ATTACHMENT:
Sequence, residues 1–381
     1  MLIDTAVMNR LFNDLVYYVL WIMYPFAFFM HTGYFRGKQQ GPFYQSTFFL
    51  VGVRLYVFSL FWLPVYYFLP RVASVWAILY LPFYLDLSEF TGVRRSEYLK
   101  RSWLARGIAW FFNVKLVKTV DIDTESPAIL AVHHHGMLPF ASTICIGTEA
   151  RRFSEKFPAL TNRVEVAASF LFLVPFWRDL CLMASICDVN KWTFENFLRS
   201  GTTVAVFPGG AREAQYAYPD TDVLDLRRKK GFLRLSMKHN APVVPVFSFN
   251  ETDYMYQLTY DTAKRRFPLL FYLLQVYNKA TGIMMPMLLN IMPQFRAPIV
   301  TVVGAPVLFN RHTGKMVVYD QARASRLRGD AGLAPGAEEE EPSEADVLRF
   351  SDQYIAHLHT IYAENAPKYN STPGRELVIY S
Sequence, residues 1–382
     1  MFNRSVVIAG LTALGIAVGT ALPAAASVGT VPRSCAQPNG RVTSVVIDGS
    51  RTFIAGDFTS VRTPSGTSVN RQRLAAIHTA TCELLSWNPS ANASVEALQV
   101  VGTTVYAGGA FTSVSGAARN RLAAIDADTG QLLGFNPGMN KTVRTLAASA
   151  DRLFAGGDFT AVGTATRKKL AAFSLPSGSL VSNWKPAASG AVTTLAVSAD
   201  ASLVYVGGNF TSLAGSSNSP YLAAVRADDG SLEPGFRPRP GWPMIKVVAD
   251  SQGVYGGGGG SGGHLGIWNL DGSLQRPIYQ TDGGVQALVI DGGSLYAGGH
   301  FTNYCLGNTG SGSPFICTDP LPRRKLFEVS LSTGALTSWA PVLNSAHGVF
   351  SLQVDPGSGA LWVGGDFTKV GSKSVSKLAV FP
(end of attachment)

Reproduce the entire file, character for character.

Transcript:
Sequence, residues 1–381
     1  MLIDTAVMNR LFNDLVYYVL WIMYPFAFFM HTGYFRGKQQ GPFYQSTFFL
    51  VGVRLYVFSL FWLPVYYFLP RVASVWAILY LPFYLDLSEF TGVRRSEYLK
   101  RSWLARGIAW FFNVKLVKTV DIDTESPAIL AVHHHGMLPF ASTICIGTEA
   151  RRFSEKFPAL TNRVEVAASF LFLVPFWRDL CLMASICDVN KWTFENFLRS
   201  GTTVAVFPGG AREAQYAYPD TDVLDLRRKK GFLRLSMKHN APVVPVFSFN
   251  ETDYMYQLTY DTAKRRFPLL FYLLQVYNKA TGIMMPMLLN IMPQFRAPIV
   301  TVVGAPVLFN RHTGKMVVYD QARASRLRGD AGLAPGAEEE EPSEADVLRF
   351  SDQYIAHLHT IYAENAPKYN STPGRELVIY S
Sequence, residues 1–382
     1  MFNRSVVIAG LTALGIAVGT ALPAAASVGT VPRSCAQPNG RVTSVVIDGS
    51  RTFIAGDFTS VRTPSGTSVN RQRLAAIHTA TCELLSWNPS ANASVEALQV
   101  VGTTVYAGGA FTSVSGAARN RLAAIDADTG QLLGFNPGMN KTVRTLAASA
   151  DRLFAGGDFT AVGTATRKKL AAFSLPSGSL VSNWKPAASG AVTTLAVSAD
   201  ASLVYVGGNF TSLAGSSNSP YLAAVRADDG SLEPGFRPRP GWPMIKVVAD
   251  SQGVYGGGGG SGGHLGIWNL DGSLQRPIYQ TDGGVQALVI DGGSLYAGGH
   301  FTNYCLGNTG SGSPFICTDP LPRRKLFEVS LSTGALTSWA PVLNSAHGVF
   351  SLQVDPGSGA LWVGGDFTKV GSKSVSKLAV FP